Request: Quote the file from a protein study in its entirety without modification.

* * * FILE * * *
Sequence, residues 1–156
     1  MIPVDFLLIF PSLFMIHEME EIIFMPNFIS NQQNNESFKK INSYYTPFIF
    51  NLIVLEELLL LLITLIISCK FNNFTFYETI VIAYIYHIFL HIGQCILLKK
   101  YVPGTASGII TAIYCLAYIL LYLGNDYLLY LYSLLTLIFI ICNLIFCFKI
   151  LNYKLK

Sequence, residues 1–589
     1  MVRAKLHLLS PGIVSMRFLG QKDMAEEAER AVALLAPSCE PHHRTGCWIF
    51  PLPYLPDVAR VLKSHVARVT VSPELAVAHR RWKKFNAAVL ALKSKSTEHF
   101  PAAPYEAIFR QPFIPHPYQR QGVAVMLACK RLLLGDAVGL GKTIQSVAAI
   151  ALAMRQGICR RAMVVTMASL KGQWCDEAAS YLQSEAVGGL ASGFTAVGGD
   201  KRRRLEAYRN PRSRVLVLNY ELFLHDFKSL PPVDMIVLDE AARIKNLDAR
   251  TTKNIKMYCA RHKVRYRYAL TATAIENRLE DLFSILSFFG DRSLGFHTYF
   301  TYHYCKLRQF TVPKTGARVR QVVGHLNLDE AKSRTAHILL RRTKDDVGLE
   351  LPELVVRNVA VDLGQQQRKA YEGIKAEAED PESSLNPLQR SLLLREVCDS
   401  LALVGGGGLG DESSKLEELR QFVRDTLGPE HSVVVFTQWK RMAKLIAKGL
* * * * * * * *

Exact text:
Sequence, residues 1–156
     1  MIPVDFLLIF PSLFMIHEME EIIFMPNFIS NQQNNESFKK INSYYTPFIF
    51  NLIVLEELLL LLITLIISCK FNNFTFYETI VIAYIYHIFL HIGQCILLKK
   101  YVPGTASGII TAIYCLAYIL LYLGNDYLLY LYSLLTLIFI ICNLIFCFKI
   151  LNYKLK

Sequence, residues 1–589
     1  MVRAKLHLLS PGIVSMRFLG QKDMAEEAER AVALLAPSCE PHHRTGCWIF
    51  PLPYLPDVAR VLKSHVARVT VSPELAVAHR RWKKFNAAVL ALKSKSTEHF
   101  PAAPYEAIFR QPFIPHPYQR QGVAVMLACK RLLLGDAVGL GKTIQSVAAI
   151  ALAMRQGICR RAMVVTMASL KGQWCDEAAS YLQSEAVGGL ASGFTAVGGD
   201  KRRRLEAYRN PRSRVLVLNY ELFLHDFKSL PPVDMIVLDE AARIKNLDAR
   251  TTKNIKMYCA RHKVRYRYAL TATAIENRLE DLFSILSFFG DRSLGFHTYF
   301  TYHYCKLRQF TVPKTGARVR QVVGHLNLDE AKSRTAHILL RRTKDDVGLE
   351  LPELVVRNVA VDLGQQQRKA YEGIKAEAED PESSLNPLQR SLLLREVCDS
   401  LALVGGGGLG DESSKLEELR QFVRDTLGPE HSVVVFTQWK RMAKLIAKGL